This week, I had the pleasure of chairing a packed meeting about TTIP – the ‘Transatlantic Trade and Investment Partnership’. Despite its mysterious language, TTIP is really important and we all need to know about it.
TTIP is a trade deal that is currently being negotiated in secret by the EU and US. TTIP involves an attempt to harmonise regulations between the EU and US. This would cover important safeguards on health and safety, food, environment, privacy and labour standards. For European workers, consumers and citizens, there seems little to gain from this. TTIP is driven by business interests and the push for the harmonisation of regulation is not about levelling up – it is really a push for deregulation.
A key proposal under TTIP is the introduction of Investor-State Dispute Settlements (ISDS). ISDS would allow transnational corporations to sue governments directly for the loss of any future profits resulting from government action. Where trade agreements with ISDS arrangements are already in place, multinational companies are using them to try to overturn the decisions of national governments:
- Phillip Morris (the tobacco company) is suing the Australian government for its decision to introduce plain package cigarettes. Phillip Morris argues that having their name removed from their product is a “threat to their business”.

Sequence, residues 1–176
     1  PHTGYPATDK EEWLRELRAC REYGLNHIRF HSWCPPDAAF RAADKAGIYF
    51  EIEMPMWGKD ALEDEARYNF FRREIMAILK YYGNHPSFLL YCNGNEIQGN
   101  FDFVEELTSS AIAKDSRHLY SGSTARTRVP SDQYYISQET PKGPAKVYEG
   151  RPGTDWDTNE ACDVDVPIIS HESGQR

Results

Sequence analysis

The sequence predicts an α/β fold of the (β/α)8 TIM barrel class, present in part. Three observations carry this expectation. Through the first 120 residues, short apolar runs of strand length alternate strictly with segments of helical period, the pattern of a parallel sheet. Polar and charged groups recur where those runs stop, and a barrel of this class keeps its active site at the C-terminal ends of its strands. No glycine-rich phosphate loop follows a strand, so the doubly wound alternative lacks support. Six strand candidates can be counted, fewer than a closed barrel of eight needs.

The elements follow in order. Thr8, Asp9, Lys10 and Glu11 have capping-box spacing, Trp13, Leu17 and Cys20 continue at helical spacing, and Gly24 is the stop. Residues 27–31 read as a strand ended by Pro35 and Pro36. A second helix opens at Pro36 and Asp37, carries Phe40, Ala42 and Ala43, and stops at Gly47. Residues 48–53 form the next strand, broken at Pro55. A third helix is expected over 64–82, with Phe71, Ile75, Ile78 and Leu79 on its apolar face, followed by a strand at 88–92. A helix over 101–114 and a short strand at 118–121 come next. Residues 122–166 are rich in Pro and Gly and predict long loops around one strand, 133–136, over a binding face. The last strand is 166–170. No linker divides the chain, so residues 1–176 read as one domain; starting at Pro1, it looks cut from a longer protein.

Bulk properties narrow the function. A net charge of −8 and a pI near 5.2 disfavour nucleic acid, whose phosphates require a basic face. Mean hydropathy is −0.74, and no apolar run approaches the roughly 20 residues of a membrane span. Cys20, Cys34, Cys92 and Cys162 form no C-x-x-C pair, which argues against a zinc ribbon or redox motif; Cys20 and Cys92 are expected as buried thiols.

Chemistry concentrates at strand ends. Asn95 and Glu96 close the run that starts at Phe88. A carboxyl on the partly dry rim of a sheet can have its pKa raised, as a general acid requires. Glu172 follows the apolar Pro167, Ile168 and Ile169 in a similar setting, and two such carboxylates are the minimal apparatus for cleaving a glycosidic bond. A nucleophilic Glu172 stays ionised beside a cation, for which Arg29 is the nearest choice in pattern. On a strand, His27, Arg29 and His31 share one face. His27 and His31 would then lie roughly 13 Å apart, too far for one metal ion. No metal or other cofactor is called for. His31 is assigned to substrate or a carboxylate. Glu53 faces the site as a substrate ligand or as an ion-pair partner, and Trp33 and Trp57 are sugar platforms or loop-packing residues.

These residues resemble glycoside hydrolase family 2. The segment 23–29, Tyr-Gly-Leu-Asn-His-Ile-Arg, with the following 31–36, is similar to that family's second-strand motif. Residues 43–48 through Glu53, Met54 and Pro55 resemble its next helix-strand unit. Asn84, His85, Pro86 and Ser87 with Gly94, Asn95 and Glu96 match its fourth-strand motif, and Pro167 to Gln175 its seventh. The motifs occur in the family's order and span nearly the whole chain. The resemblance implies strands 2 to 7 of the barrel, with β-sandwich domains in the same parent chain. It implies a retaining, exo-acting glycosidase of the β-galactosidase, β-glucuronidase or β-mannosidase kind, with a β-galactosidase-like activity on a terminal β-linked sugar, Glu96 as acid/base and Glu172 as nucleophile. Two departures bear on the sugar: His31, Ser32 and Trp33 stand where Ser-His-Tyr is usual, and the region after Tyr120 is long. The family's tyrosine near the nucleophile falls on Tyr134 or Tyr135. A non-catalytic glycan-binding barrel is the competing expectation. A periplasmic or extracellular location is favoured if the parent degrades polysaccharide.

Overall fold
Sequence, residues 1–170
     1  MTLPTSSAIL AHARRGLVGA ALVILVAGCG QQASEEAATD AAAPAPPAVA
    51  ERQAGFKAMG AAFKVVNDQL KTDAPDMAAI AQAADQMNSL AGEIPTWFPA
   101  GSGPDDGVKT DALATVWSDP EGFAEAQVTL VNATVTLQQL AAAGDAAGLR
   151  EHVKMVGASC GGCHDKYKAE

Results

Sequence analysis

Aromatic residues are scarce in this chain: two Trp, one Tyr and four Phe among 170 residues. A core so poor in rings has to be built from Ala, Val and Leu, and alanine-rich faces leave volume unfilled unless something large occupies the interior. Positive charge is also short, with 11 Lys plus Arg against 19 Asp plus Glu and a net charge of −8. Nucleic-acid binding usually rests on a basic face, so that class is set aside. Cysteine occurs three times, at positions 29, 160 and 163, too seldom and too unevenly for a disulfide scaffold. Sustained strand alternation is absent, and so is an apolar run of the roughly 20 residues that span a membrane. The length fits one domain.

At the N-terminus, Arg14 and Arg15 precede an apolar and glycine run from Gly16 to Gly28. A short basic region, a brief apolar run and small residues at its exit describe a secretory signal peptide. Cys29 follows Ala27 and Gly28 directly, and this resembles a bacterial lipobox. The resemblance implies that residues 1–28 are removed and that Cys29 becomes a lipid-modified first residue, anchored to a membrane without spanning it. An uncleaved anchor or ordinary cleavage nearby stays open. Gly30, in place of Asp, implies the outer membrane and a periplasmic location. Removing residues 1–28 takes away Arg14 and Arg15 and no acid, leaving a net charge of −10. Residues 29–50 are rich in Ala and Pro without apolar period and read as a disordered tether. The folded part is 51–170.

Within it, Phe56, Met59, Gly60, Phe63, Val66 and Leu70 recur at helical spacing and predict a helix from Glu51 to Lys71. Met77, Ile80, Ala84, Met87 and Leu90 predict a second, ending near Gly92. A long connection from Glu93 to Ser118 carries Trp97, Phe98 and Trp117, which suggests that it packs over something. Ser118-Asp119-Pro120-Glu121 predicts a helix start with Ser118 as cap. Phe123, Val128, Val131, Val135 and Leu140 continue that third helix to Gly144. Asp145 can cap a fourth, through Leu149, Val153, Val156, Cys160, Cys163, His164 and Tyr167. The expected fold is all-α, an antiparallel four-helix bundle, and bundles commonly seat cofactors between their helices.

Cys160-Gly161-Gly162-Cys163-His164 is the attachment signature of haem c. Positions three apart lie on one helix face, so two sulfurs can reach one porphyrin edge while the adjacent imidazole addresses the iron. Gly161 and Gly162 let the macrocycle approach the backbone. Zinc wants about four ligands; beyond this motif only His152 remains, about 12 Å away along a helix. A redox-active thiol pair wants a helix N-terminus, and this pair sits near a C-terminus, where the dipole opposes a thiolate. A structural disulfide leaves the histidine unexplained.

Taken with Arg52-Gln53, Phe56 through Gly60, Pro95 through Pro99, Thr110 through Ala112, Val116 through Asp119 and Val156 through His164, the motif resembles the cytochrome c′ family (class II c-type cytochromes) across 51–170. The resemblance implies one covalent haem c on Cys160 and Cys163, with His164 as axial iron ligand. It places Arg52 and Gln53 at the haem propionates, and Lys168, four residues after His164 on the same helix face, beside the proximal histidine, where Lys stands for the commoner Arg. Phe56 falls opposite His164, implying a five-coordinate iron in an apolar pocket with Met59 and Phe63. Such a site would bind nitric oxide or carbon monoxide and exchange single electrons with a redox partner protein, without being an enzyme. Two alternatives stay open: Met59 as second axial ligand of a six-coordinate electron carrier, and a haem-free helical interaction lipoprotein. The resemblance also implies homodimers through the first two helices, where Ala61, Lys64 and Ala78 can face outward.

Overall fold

- The French based multinational company Veolia, are suing the Egyptian government for increasing the national minimum wage – claiming this will “hurt” its investment.
- A Swedish energy company is suing the German Government for closing nuclear power stations that it operates.
Under TTIP, the proposal is that the ISDS tribunals will be heard by corporate lawyers, who can take decisions against governments without a right of appeal. This is a serious threat to our democracy.
The EU’s own research indicates that the introduction of TTIP would cost 600,000 European jobs. TTIP is billed as being good for the economy – but it is big business that would gain, not workers.
UNISON North West will work with organisations like War on Want and the World Development Movement in the coming months to campaign against TTIP and other trade deals that enhance corporate power over our democracy. Momentum is building around this campaign and it is a very important one to win.
There’s more information on TTIP, and a petition Here.